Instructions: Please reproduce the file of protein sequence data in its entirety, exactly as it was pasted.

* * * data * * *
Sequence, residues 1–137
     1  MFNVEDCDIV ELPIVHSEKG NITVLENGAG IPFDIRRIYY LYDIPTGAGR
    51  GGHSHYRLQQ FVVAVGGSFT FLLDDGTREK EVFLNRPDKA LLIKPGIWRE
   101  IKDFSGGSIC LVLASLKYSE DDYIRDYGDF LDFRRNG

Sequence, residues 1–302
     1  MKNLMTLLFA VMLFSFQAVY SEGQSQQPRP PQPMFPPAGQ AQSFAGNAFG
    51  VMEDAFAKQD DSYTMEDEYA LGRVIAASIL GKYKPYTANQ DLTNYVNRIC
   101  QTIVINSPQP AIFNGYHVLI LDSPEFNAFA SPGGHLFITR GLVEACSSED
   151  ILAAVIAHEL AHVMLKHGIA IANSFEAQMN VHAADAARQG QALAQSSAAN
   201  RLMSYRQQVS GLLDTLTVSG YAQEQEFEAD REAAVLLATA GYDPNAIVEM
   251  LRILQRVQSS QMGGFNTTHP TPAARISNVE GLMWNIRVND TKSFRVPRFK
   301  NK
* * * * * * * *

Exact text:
Sequence, residues 1–137
     1  MFNVEDCDIV ELPIVHSEKG NITVLENGAG IPFDIRRIYY LYDIPTGAGR
    51  GGHSHYRLQQ FVVAVGGSFT FLLDDGTREK EVFLNRPDKA LLIKPGIWRE
   101  IKDFSGGSIC LVLASLKYSE DDYIRDYGDF LDFRRNG

Sequence, residues 1–302
     1  MKNLMTLLFA VMLFSFQAVY SEGQSQQPRP PQPMFPPAGQ AQSFAGNAFG
    51  VMEDAFAKQD DSYTMEDEYA LGRVIAASIL GKYKPYTANQ DLTNYVNRIC
   101  QTIVINSPQP AIFNGYHVLI LDSPEFNAFA SPGGHLFITR GLVEACSSED
   151  ILAAVIAHEL AHVMLKHGIA IANSFEAQMN VHAADAARQG QALAQSSAAN
   201  RLMSYRQQVS GLLDTLTVSG YAQEQEFEAD REAAVLLATA GYDPNAIVEM
   251  LRILQRVQSS QMGGFNTTHP TPAARISNVE GLMWNIRVND TKSFRVPRFK
   301  NK